The book, Rankin’s memoir about his days as a doorman at the MGM Grand in Las Vegas, details how his marriage, health and friendships all evaporated. But, even with all of this tragedy unfolding, there’s the alluring call of bright lights, prize fights and endless nights that define Sin City.

Vegas, baby, Vegas.

The book starts off with Rankin working June 28, 1997, the night during which Mike Tyson bit the ear of Evander Holyfield during a boxing match at the MGM.

Rankin’s description of the chaotic pre-fight scene was as poetic as it was simple and foreshadowed the excellence that the remainder of the book had to offer: “ Never have I seen a bigger crowd, although most types are familiar: Beverly Hills mixed with gangstas, agents, cronies, wannabes, informers and hookers. We’re going to need more ambulances.”

From there, Rankin flashes back to detail how he beat out some 7,000 applicants to land one of about a dozen doorman jobs at the MGM Grand when it opened in 1993. He moved to Vegas with his wife to revive their marriage, but their opposing schedules (he had to work nights) and the physical and mental grind of doorman’s work did little to heal the union.

And, while the job paid well and had its moments, being a doorman was work in every sense. Rankin and his teammate “T-Bone” had to learn a routine that would entertain the guests in line for a cab, which might draw additional tips. But having to deal with surly losers making their way from the slot machines, as well as continuously lifting 40-pound suitcases into and out of cabs, sent both Rankin and T-Bone to seek relief from various medications.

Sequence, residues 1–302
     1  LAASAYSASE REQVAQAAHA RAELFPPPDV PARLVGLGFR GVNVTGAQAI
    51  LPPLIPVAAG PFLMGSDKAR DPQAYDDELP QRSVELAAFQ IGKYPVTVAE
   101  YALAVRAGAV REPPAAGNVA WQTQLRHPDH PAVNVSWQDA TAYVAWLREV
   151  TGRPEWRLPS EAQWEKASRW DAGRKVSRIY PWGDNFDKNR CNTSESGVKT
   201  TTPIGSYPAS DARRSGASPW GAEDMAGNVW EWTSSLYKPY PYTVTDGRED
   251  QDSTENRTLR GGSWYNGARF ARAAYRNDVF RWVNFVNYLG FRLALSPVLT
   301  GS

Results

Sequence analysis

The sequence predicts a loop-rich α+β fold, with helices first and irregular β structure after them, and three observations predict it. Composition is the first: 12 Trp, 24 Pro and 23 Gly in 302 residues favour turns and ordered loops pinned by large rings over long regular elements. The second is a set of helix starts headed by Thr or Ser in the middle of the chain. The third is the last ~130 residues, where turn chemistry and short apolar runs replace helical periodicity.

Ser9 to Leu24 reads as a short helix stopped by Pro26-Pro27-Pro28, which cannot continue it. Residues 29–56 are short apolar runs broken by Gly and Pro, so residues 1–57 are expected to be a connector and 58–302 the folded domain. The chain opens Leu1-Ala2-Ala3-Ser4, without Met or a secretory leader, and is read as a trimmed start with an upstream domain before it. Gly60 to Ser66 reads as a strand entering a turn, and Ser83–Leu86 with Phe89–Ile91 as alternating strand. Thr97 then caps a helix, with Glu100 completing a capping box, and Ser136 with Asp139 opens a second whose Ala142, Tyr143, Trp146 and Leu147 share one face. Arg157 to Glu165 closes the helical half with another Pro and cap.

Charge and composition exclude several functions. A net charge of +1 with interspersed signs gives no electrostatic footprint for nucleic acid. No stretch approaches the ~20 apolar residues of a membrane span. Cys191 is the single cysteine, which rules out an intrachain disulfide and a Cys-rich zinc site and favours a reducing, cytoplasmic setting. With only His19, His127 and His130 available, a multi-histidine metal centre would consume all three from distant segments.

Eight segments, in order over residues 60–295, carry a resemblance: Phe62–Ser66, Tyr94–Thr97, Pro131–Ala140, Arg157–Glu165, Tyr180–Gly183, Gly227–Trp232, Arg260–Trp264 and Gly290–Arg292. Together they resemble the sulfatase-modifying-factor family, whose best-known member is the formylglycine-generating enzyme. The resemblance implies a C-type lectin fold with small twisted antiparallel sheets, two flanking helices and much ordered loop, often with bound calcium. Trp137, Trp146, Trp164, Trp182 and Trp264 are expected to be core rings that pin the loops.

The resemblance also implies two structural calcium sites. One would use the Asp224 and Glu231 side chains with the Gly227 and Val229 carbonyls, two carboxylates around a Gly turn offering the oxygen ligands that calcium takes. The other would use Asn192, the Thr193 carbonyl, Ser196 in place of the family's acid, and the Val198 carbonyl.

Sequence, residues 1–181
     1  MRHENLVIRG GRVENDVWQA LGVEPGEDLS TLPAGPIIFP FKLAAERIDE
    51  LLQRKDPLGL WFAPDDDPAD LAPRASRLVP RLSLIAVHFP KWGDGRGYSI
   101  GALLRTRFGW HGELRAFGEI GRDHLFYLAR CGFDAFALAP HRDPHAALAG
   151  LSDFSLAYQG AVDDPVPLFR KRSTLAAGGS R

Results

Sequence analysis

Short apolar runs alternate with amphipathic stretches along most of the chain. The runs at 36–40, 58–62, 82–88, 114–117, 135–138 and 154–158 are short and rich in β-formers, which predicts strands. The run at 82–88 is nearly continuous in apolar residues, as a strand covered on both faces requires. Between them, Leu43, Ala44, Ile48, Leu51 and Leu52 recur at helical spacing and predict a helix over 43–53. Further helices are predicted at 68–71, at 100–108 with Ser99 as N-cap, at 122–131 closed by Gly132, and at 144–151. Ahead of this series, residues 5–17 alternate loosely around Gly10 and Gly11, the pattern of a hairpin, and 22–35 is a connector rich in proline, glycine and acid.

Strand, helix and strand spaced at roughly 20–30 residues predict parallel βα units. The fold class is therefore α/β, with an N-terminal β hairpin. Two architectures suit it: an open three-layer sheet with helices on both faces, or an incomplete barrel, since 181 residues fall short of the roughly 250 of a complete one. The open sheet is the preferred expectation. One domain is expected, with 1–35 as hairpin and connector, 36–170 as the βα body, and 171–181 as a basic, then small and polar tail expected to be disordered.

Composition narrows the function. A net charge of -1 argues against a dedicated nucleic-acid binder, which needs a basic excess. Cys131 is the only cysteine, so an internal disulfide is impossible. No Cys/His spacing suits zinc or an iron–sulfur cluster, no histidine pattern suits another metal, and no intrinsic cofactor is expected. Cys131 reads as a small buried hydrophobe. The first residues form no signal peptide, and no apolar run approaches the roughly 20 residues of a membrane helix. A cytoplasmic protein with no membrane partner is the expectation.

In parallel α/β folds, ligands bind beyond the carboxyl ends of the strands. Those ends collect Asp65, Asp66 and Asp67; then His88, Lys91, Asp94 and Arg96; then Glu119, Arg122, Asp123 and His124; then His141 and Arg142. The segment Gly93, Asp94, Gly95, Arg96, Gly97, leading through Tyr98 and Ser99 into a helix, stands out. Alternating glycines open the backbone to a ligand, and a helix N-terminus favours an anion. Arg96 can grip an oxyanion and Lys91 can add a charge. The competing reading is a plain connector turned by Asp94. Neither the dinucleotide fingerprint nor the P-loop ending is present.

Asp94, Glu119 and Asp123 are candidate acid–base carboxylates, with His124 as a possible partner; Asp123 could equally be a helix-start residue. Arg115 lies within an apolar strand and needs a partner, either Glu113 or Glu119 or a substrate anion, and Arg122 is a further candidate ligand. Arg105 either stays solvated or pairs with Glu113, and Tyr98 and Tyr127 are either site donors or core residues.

The initial tone of the book, which relied heavily upon Rankin’s personal experiences as opposed to Vegas anecdotes, seemed like it might weigh the story down. But Rankin’s breezy and brilliant (if occasionally vulgar) voice took the reader along for the fantastic voyage.

Sure, there are Sin City stories — such as comedian/actor Brad Garrett regaling the cab line one random evening, or Rankin’s limo-driving friend who became tight with Stevie Wonder — but the story heavily revolves around Rankin and his tumultuous times in Vegas (and eventual escape).

Upon finishing the book — which proved tough to put down — this personal bent was precisely what set the tome above many other Vegas stories. Everyone knows “what happens in Vegas stays in Vegas,” but the story is far different — and more tragic — for those people who don’t return home Sunday afternoon after a wild weekend.

Rankin lost his wife, his self-respect, his mental health and most of his friends before he moved to California. But he managed to scrape together enough hope before he departed to continue going. Not to mention one superb story.

– Paul Lane, Tonawanda News